What Does November Mean to You?

What Does November Mean to You?

What does this month mean to you? When I was first diagnosed with grim news that I had stage 4 lung cancer, I was a total wreck. That wreckage remained and grew stronger when told I had 12-18 months to live. That was 6 years ago. Since then, I have risen from that wreckage and begun to tell my story to anyone who would listen. I have several reasons I WANT people to know I have stage 4 lung cancer.

Thinking about November

Originally, I thought of November and thought “Thanksgiving and shopping”. I didn’t even know there was a lung cancer awareness month. That month, back in 2012, I visited my family in Atlanta for the holiday. I’ve always been one of those people that stayed up all night and began shopping at midnight just to get the great deals. The same went for this Black Friday. I was going to get all of my shopping done.

My story before diagnosis…

At the time, I was in pure denial. My hometown doctors continued to diagnose me with migraines. My vision became distorted at intervals, to the point where I totally lost depth perception. I don’t know how I drove that shopping day or why I would endanger myself and so many others. Before even leaving my hometown I lost my vision. After being told I was having migraines during multiple visits to the ER and urgent care center, I began vomiting a white substance and from that point was put on hydro-codeine every 3 hours or as needed. As it turned out, I needed it every three hours. So, while shopping, and taking pain medication, I couldn’t think clearly. I ended up meeting some friends at a local bar empty handed from my shopping escapade.

Continuing the pills, I had a drink. Out of the blue, someone mentioned my popping pills and drinking, which led to an argument about being a bad mother. My daughter was with her grandmother that night. An overwhelming emotion enveloped me. Tears began streaming down my face and I immediately had some friends take me to a local hotel because I didn’t want to go back to my mother’s house. Two friends stayed with me that night and I cried uncontrollably for hours. I had never been so inconsolable.

My friends that stayed with me that night were extremely concerned about my well being. I couldn’t drive the next day so one of them had to essentially drive me to my father’s house. I couldn’t have my daughter see me in such a state. As I lay on his couch while he took my friend to his car, I began to cry again. I knew it was time to go to the hospital and get answers once and for all. My dad went to my mom’s and got my daughter and my mom took me to the local hospital near them. She demanded a brain MRI. She knew this was unlike me, I wasn’t a drug user.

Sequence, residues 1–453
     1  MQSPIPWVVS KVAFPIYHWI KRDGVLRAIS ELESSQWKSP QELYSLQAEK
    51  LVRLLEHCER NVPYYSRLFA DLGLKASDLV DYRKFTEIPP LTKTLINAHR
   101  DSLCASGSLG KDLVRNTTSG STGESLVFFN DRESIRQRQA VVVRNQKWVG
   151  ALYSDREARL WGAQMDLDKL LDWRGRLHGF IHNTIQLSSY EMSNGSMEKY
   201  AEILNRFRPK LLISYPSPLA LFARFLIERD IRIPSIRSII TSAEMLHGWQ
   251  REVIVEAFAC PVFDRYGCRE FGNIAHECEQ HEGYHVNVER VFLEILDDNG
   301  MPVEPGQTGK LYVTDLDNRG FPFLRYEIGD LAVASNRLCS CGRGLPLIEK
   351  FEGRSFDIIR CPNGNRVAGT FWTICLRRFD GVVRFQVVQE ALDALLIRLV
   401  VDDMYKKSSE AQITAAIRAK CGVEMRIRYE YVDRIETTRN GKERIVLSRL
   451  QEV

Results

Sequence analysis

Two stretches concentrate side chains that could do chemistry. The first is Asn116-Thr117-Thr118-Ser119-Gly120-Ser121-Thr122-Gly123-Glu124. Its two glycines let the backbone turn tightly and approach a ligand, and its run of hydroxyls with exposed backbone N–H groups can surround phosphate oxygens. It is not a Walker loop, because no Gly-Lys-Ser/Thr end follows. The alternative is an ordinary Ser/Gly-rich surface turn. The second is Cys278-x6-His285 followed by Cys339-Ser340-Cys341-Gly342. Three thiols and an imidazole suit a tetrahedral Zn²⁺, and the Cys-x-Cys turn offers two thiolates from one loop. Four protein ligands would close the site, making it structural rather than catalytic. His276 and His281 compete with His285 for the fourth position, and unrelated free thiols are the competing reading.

What the MRI revealed

The MRI I received gave me an explanation for the headaches. Just 3 days after Thanksgiving, I was being told I had a brain tumor and they were to transport me to downtown Atlanta where they are better equipped to handle my case. I learned I had stage 4 lung cancer in merely 5 days. My world changed forever when told there was no cure.

I was tested for genetic mutations and EGFR mutation came back positive. I’ve had radiations, progression, and regression to the point my cancer isn’t active. I do have two tumors and the targeted therapy I’m on won’t last forever, so I always have that worry.

Telling my story to end the stigma

So, why am I telling my story? Because too many lung cancer patients have felt the sting of the stigma associated with the disease. “How long did you smoke?” Less than a month after my 33rd birthday my diagnosis was discovered. My mother didn’t take “no” for an answer. She was my advocate that day. Radon, air pollution, second hand smoke, and asbestos are all causes of lung cancer. My lung cancer didn’t come from smoking. Neither did the 9 year old little girl who passed from lung cancer, or the 17 year old, or the dozens of people in there 20’s and 30’s, just making a life for themselves.

Far too many of us are snuffed out before we can tell our stories. There is no cure, but there are treatments to extend our life. Furthermore, so many people who get lung cancer have never smoked or quit years ago. Yet, the smoking stigma continues. I ask that you tell your story, my story, our stories, to anyone who will listen. We are lacking so much in funding, yet lung cancer is by far the greatest killer when it comes to cancer. It claims around 433 lives a day. That is equivalent to a jumbo jet crashing and killing all on board EVERY DAY. So, this lung cancer awareness month, November, help us. Make noise and don’t allow us to die before making a difference. We are turning this battle and we will win this war. We just can’t give up. God bless.

This article represents the opinions, thoughts, and experiences of the author; none of this content has been paid for by any advertiser. The LungCancer.net team does not recommend or endorse any products or treatments discussed herein. Learn more about how we maintain editorial integrity here.

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